- The Washington Times - Thursday, September 2, 2004

The U.S. Postal Service next year will issue “The Sporty Cars of the 1950s” commemorative postage stamps.

“We understand the power our stamps have in helping to celebrate our American history and culture — in this case, the innovative brilliance of our automotive technology and design,” said Anita Bizzotto, chief marketing officer, U.S. Postal Service. “They will be a reminder of the unique style and culture of the 1950s.”

Featured on the stamps are a 1952 Nash Healey, a 1953 Chevrolet Corvette, a 1953 Studebaker Starliner, a 1954 Kaiser Darrin, and a 1955 Ford Thunderbird.

• In 1952, the Nash Healey was an elegant little sports car and the product of the creative genius of three countries in its development: the Nash six-cylinder engine created in the United States; the Donald Healey-engineered chassis developed in England; and Pinin Farina’s sports car body design from Italy. Only 150 Nash Healeys were made in 1952, and it came in first in its class and third overall in the 1952 LeMans sports car race in France.

• The 1953 Studebaker Starliner was developed to appeal to younger drivers. It was low-slung, long and wide, and light on the chrome, with such a sophisticated look that the Museum of Modern Art in New York proclaimed it “a work of art,” and featured it as the lone American representative in an auto exhibition that year.

• At the GM Motorama in New York City in January 1953, the new fiberglass-bodied two-seater Chevrolet Corvette was introduced to the public, and quickly captured its imagination while setting the bar for competition. Only 300 models were produced that year, all hand-built and white, with a red interior and black convertible top, a marked departure from other GM designs. Its sporty appearance promised speed and high performance for its fun-seeking drivers.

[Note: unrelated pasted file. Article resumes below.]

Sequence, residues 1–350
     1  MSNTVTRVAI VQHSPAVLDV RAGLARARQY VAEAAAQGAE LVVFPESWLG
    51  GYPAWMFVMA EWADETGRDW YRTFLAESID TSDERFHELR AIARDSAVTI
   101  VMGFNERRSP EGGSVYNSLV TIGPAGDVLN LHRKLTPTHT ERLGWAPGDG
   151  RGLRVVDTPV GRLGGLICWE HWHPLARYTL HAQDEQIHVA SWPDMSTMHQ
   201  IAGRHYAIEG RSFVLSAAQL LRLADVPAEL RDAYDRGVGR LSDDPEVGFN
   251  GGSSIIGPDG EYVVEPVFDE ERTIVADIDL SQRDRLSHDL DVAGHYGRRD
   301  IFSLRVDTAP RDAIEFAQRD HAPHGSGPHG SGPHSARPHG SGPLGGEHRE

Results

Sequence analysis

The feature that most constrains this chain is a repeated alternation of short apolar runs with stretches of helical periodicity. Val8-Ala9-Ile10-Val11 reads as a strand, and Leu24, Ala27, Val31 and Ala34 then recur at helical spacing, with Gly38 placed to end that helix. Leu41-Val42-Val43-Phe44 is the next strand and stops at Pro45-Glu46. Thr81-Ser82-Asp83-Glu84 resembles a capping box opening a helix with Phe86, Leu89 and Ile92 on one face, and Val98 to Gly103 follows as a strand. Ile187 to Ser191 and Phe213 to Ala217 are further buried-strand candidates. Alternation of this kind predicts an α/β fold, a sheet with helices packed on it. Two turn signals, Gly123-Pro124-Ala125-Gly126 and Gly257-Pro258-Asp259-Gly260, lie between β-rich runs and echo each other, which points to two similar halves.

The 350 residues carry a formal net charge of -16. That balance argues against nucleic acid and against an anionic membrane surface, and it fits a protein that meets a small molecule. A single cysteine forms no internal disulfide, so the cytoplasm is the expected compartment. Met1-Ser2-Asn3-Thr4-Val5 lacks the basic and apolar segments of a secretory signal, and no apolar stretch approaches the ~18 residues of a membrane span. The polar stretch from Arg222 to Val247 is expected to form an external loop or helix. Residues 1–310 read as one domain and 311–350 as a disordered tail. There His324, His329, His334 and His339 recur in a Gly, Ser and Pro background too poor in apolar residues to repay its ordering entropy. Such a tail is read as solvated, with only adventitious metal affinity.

• Entrepreneur Henry J. Kaiser teamed up with master designer Howard “Dutch” Darrin (formerly of Packard fame) in 1954 to develop the fiberglass beauty, the Kaiser Darrin. The two-seater featured doors that slid forward into the front fenders; a unique pointed, compact grille; long sloping lines; and a three-position landau top; a total of 435 were made that year.

• The 1955 Ford Thunderbird, “a sports car with luxury,” was designed to compete with the Corvette, and it featured a steel body, interchangeable hard and soft tops, an overhead-valve V-8 engine and roll-up windows, and its road performances were virtually identical to the Corvette’s. More than 16,000 models were produced that year, and the styling remained the same until 1958, when Ford revamped Thunderbird’s sports car status and added a back seat, which actually quadrupled sales.

The 1950s Sporty Cars stamps were illustrated by Art Fitzpatrick of Carlsbad, Calif., and the designer/art director is Carl Herrman of Carlsbad, Calif.

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